Effort-Based Decision Making and Motivated Behavior in Everyday Life (Barch, PI) R37MH066031
This is a continuation of an R01 award supporting a program of research delineating the psychological and neural mechanisms of impairments in motivation and goal-oriented behavior in psychosis, which will extend our work transdiagnostically.
Motivational impairments are a key feature of both psychotic and mood pathology, and are included in the Research Domain Criteria (RDoC) Positive Valence System. Decreases in motivation impair work and social function transdiagnostically, reduce quality of life, and increase public health demands. Current treatments are not sufficiently effective at reducing impairments in motivation in every day life, in part due to the need to better understand the mechanisms that give rise to these symptoms. Our prior research provides strong evidence that abnormal effort-cost decision-making (ECDM; Effort valuation/Willingness to work in the RDoC Positive Valence System) may be a key contributor to motivational deficits in both psychotic and mood pathology. ECDM refers to calculations that individuals perform to estimate the amount of physical or cognitive “work” required to obtain a reward. Individuals with schizophrenia, schizoaffective, bipolar disorder and depression are less motivated than healthy individuals to exert effort to obtain rewards on experimental tasks, and these deficits are related to symptoms of amotivation and function in every day life.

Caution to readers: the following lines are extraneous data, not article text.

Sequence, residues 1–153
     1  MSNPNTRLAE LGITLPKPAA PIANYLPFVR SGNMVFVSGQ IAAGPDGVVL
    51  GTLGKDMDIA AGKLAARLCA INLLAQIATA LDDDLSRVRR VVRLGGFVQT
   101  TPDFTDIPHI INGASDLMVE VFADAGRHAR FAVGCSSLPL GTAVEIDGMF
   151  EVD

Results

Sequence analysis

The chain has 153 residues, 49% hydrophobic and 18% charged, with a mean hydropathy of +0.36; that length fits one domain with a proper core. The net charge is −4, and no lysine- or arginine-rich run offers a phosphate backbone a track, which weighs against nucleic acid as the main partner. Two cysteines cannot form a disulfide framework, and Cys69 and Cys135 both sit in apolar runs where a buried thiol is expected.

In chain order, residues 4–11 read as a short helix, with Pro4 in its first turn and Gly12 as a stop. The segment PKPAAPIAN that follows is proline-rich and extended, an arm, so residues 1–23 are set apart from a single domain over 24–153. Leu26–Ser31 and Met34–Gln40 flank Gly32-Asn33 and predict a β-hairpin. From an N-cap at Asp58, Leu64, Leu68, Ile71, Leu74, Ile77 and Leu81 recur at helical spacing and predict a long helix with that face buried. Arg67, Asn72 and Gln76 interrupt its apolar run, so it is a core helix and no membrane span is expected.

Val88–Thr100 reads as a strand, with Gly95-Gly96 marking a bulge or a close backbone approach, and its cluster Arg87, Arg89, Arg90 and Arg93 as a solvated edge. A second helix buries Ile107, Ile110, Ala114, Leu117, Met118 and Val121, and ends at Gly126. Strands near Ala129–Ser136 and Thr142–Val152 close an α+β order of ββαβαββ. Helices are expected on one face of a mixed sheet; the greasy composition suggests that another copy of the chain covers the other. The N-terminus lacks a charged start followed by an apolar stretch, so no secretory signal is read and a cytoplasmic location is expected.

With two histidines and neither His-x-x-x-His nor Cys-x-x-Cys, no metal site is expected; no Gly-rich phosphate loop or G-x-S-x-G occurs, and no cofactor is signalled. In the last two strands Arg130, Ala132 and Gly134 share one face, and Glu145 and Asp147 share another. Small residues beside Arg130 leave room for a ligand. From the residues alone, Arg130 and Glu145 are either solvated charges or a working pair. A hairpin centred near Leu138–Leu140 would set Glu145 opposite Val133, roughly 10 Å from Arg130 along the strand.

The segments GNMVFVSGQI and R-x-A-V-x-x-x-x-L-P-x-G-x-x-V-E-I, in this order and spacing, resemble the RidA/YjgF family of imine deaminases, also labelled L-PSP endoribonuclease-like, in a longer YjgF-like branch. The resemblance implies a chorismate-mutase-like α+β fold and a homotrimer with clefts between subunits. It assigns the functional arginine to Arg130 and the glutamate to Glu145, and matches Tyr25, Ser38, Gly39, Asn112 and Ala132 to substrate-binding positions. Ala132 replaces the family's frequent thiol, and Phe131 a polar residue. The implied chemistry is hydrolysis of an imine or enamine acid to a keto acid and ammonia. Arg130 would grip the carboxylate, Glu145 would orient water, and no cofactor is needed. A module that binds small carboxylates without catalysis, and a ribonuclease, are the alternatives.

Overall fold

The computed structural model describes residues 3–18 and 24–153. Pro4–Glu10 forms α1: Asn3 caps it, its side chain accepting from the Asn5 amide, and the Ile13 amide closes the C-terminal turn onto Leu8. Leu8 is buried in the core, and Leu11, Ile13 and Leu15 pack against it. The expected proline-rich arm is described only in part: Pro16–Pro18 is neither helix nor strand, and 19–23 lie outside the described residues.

This study will address NIMH Strategic Objective #1 (Define the Mechanisms of Complex Behaviors) and inform novel targets for future interventions. Aim 1 will test the hypothesis that impairments in cognitive and/or physical ECDM cut across the spectrum of psychotic and mood disorders, and relate to each other. Aim 2 will test the hypothesis that altered ECDM in psychosis may be more associated with impairments in the RDoC construct of cognitive control, while altered ECDM related to depression may be more related to the RDoC constructs of reward responsiveness and learning. Aim 3 will test the hypothesis that altered ECDM in psychosis may be more associated with impairments in dorsal anterior cingulate and dorsolateral prefrontal cortex activity and connectivity, while altered ECDM in depression may be more related to impairments striatal, anterior insula, and ventral-medical prefrontal activity and connectivity. Aim 4 will test the hypothesis that ECDM predicts amotivation and function in every day life across the spectrum of psychotic and mood disorders, using ecological momentary assessment, mobile sensing (geo-location and actigraphy) and informant report.
Our team combines complimentary expertise for an innovative transdiagnostic study examining the similarities and differences in the psychological and neural mechanisms that contribute to impaired ECDM across forms of psychopathology. We will integrate state-of-the art functional neuroimaging methods developed in the Human Connectome Project, novel behavioral and imaging paradigms derived from the affective science literature (Consultants Treadway & Westbrook), and innovative mobile technologies to assess motivated behavior in everyday life (Co-Investigators: Ben-Zeev, Campbell, & Moran).